Thermal conductive grease is a compound that is typically electrically insulating and thermally conducting, i.e. the heat transfer can occur through such compounds. These are most commonly employed as an interface material between the source of heat and heat sinks. Thermal conductive grease is known by several alternative names such as heat paste, thermal compound, thermal interface material (TIM), heat sink compound, thermal paste, or thermal gel. The basic function of thermal conductive grease is to remove air spaces or gaps from the interface area, which play the role of thermal insulators, and facilitate maximize heat transfer.
Thermal conductive greases do not provide mechanical strength to the bonding between heat sink and source of heat, unlike thermal adhesives. External mechanical mechanisms that creates the pressure between the two are required in order to spread the thermal conductive grease onto the heat source. Thermal conductive grease comprise a polymerizable liquid matrix and thermally conductive filler. Thermally conductive fillers also are typically electrically insulating. Most commonly used matrix materials include silicone, acrylates, epoxies, urethanes, solvent-based systems, and hot-melt adhesives, while aluminum oxide, aluminum nitride, zinc oxide, and boron nitride are commonly used fillers. Among these fillers, usage of aluminum nitride is increasing.
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Electronic surfaces are never smooth. Microscopic blemishes are present on any surface, which reduce the heat flow and increase contact resistance. These gaps or roughness of the surface inhibit effective heat transfer, which can potentially lead to device failure. TIMs that have low flowing properties can leave voids, which inhibit heat transfer. Thermal conductive grease, however, completely fills the micro-gaps (due to matrix composition). This ensures the vital parts of a component are protected from the flow of heat.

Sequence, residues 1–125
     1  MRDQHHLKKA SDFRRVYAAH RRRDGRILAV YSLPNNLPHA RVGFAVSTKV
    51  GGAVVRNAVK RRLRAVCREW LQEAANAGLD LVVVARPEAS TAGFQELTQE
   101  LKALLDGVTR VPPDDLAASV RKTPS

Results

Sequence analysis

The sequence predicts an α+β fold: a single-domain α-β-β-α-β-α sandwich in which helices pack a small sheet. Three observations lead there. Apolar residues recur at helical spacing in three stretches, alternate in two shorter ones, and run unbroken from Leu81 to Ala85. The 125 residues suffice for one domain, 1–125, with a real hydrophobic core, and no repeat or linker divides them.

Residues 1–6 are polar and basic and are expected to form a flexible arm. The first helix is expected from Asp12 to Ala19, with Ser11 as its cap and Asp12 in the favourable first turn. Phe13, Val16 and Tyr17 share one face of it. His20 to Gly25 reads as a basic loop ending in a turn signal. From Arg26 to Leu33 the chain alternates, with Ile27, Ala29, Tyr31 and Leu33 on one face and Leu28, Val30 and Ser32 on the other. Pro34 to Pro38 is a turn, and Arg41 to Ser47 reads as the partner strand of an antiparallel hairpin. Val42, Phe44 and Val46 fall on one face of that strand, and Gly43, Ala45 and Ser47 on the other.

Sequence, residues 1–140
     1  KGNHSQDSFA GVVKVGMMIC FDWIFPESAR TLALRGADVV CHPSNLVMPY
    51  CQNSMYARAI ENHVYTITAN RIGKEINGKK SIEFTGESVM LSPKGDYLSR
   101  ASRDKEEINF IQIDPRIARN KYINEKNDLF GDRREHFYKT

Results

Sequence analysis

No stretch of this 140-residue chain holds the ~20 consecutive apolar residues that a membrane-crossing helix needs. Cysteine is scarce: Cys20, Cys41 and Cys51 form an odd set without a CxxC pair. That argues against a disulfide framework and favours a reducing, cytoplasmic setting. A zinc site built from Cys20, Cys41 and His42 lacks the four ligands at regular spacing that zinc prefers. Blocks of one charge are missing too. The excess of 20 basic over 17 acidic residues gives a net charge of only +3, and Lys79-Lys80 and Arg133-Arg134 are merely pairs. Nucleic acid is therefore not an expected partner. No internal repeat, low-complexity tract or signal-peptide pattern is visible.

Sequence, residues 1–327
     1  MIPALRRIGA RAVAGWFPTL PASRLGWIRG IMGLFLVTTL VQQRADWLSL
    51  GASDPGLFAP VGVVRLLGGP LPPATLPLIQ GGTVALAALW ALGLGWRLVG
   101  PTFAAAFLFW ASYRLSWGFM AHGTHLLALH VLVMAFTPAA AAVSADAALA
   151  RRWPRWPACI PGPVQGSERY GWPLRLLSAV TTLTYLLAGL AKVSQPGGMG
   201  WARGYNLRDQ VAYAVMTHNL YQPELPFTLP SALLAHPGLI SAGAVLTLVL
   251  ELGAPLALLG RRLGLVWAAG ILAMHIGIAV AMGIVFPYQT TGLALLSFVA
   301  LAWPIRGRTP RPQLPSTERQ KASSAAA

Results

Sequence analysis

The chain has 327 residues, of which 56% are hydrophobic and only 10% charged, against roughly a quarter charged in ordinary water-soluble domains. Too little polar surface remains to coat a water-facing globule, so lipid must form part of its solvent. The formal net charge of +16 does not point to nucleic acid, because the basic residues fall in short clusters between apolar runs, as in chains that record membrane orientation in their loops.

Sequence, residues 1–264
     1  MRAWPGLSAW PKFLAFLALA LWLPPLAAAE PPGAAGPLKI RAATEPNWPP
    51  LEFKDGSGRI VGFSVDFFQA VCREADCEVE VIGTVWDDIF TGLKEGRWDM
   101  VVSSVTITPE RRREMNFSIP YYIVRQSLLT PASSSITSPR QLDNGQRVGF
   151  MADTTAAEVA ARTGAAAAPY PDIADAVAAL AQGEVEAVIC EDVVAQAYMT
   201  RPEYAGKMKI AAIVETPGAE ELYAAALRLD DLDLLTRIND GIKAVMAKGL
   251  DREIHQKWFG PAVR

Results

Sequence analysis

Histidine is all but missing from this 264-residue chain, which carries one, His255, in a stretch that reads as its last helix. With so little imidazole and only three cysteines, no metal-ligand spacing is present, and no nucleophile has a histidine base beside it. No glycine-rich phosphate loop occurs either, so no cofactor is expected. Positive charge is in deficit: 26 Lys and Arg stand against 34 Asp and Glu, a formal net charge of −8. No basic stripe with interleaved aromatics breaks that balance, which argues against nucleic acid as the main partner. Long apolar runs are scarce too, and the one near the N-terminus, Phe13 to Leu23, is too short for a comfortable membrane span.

Key attributes that ensure good performance of thermally conductive grease are its thermal conductivity and resistance, bond line thickness, processing ability, and re-workability. Thermally conductive grease is applied in a wide array of industrial applications including power components and supplies, broadcasting equipment, ignition modules, computer equipments, audio amplifiers, power resistors, semi-conductor mounting devices, transistor diodes, thermal joints, and ballast heat transfer mediums.
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Thermally conductive grease is available in varying grades or compositions as different product lines, depending on the end application and conductivity of the grease. The different compositions and features of thermally conductive greases is due to its utilization in applications ranging from the simplest to the most demanding thermal requirements.
Based on type, the market for thermally conductive greases can be divided into silicone-based grease and non-silicone-based grease. Based on end-user industry, the market can be classified into automotive, electricals & electronics, energy & power, telecommunications & IT, and others (including medical & office equipments).
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Key players operating in the thermal conductive grease market include 3M, Dow Corning Corporation, Parker Hannifin Corp, Laird Technologies, ACC Silicones Ltd (A CHT Group company), LORD Corporation, Wacker Chemie AG, and PolySi Technologies Inc.